Mortgage fraud flourishes in down markets
current real estate market conditions provide an excellent backdrop for mortgage
- Buyers trying to get into the
market before interest rates climb much higher
are tempted to cheat to get what they want.
- Those same rising rates create
financial woes for homeowners with adjustable
rate mortgages who may be enticed to bend
the rules to get out of a bad situation.
- Sellers unable to find ready
and financially able buyers may be the unwitting targets of fraudsters who offer
them a way out.
As long as the market stays in the doldrums,
mortgage fraud will continue to thrive, say experts. It can creep into any neighborhood
and hurts not only buyers, sellers and lenders, but even neighbors.
Ann Fulmer learned all about it when she found it in her Atlanta neighborhood.
She knew something was fishy when she started noticing unusual activity nearby.
The real estate market in her area had been stagnant for awhile before the 1996
Olympics, says Fulmer. Houses had been on the market for a while with reduced
Suddenly, houses were bought and resold in a day for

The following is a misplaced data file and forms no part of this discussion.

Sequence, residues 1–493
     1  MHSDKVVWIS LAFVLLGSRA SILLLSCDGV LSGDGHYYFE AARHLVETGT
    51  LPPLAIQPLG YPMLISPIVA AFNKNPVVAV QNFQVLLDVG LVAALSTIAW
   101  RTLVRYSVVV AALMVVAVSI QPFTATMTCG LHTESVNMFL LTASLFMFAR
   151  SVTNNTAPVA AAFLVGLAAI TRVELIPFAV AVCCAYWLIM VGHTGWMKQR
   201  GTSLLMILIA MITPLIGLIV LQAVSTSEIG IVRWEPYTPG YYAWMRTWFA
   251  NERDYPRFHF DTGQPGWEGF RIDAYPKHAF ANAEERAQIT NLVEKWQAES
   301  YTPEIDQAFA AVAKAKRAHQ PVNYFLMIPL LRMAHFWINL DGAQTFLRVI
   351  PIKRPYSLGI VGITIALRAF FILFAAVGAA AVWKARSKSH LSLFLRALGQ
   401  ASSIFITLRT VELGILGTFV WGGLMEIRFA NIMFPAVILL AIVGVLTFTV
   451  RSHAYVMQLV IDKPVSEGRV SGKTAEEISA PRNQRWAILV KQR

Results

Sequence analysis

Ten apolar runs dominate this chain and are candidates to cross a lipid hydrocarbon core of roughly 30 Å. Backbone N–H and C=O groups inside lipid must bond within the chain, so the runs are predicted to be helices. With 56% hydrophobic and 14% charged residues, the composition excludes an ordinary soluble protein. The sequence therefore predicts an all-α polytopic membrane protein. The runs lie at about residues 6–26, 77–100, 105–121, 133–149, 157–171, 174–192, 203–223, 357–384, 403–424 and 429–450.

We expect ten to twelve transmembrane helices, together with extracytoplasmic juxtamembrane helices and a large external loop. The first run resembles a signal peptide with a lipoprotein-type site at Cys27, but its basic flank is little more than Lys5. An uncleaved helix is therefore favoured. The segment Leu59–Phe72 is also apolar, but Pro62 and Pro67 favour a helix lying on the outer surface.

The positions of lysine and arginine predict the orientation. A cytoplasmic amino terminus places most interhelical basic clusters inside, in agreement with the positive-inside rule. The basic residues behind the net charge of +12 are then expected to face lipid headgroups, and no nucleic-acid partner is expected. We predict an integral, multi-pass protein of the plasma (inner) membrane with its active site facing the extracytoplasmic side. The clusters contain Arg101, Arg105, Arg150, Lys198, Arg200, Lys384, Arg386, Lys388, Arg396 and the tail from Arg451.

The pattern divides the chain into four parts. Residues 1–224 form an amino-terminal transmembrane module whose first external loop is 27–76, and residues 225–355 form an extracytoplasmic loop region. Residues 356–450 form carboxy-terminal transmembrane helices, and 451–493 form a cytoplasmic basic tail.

$150,000, $200,000 or even $300,000 more than the asking price. Then she started
noticing that the people who had paid half a million dollars for a house were
showing up "driving 1972 Pintos and (with) everything they owned in Hefty
bags." Other houses that were sold were never occupied.
A former radio news reporter and criminal prosecutor, Fulmer may have looked like
any other stay-at-home mom, but for the mortgage fraudsters preying on her neighborhood,
she became their worst nightmare. Bewildered, she started poking around. "I
spent mornings while my kids were at Mommy's Day Out down at the courthouse,"
she says. "I started to see the same name on the deeds."
What she found was mortgage fraud.